Danish Design - The chairs


History of Danish Design

– a short version

Danish Design dates back to the 1900 and encompasses crafts, furniture and industrial design. Some of these designs are still relevant in our everyday lives, with some making a comeback and many have never left us. The influences have been many – Bauhaus, De Stijl, Constructivism and Futurism are but a few of the movements that occurred after the Second World War that came to give shape and form to Danish Design and its simplistic functionalism.

To name but a few is all that can be done as this “little” country Denmark has proven – it isn’t finished with giving the world great designs (see Design Awards 2014), here are those few who have left a most renown beauty for us to behold:


  • Hans J. Wegner was and will always be known internationally for being the creator of “The Chair”, however Wegner in his lifetime designed and created more than 500 chairs. His achievements are many – and can been seen at the Museum of Modern Art in New York and the Die Neue Sammlung in Munich.


  • Arne Emil Jacobsen is mostly known for his furniture – “The Egg”, “The Drop” and “The Swan” chairs are his most famous creations, however he has left an architectural legacy all around us in Denmark. We are able and fortunate to encounter his works in our everyday lives because his architecture can been seen all around us in Denmark: the National Bank in Copenhagen, the City Hall in Aarhus, a gas station in Skovshoved, and something as simple as and yet as wonderful as a lifeguard tower at Bellevue Beach.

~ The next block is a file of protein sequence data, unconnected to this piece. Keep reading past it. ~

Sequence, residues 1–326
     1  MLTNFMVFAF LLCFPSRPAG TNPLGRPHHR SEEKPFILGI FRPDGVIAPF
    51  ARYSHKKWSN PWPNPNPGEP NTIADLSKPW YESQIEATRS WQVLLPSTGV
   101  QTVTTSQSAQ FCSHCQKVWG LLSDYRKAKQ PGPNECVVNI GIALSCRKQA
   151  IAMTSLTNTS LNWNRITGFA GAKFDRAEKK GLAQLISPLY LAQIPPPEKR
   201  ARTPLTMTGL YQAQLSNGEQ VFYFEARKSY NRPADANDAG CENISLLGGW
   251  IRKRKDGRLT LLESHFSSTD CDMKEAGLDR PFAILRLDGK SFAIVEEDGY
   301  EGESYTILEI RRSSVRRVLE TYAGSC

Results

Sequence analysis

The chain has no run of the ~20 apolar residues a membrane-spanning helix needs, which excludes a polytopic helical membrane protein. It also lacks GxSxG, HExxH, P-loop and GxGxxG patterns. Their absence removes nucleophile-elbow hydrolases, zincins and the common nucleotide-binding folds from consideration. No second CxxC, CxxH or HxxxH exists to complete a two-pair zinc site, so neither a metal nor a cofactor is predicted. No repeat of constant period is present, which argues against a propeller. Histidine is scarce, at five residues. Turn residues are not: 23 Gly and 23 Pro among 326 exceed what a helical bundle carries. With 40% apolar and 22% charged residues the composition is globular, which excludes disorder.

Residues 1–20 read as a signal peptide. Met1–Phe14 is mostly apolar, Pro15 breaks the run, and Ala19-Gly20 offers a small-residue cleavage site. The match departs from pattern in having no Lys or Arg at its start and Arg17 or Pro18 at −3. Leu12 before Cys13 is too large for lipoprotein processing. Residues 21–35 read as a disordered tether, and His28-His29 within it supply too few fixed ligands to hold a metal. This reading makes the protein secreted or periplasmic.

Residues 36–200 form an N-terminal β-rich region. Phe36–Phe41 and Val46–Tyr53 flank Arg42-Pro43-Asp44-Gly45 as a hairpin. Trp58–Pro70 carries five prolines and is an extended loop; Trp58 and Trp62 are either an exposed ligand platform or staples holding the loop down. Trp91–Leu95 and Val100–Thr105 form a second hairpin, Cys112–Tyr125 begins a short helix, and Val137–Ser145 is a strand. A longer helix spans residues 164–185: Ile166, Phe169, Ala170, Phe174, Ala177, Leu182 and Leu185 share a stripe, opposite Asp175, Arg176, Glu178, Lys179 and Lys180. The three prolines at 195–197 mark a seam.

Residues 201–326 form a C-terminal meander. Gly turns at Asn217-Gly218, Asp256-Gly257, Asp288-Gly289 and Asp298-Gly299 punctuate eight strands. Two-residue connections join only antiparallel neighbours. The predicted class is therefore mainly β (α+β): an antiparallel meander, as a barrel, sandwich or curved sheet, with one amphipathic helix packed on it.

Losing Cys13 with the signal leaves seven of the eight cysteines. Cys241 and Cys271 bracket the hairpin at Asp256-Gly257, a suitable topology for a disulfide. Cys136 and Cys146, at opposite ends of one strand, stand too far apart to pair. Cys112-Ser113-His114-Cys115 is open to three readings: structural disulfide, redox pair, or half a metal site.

• Verner Panton was the essence of the 60’s – with colour, materials and futuristic designs. Not only did he design furniture but he was an amazing interior designer. His designs range from tables to mirrors – famously known for the “The Flowerpot” lamp and one of many chairs “The Cone” chair.


  • Poul Henningsen is really only known for his acclaimed lamp designs (PH Lamps) that gave us glare-free and uniform lighting. PH was  more than a lamp designer – he was a writer, poet, architect and film enthusiast – with credits in Glassalen (The Glass Hall Theatre) and infamy with his Danmarksfilm (Film of Denmark) in 1935.
October 2014

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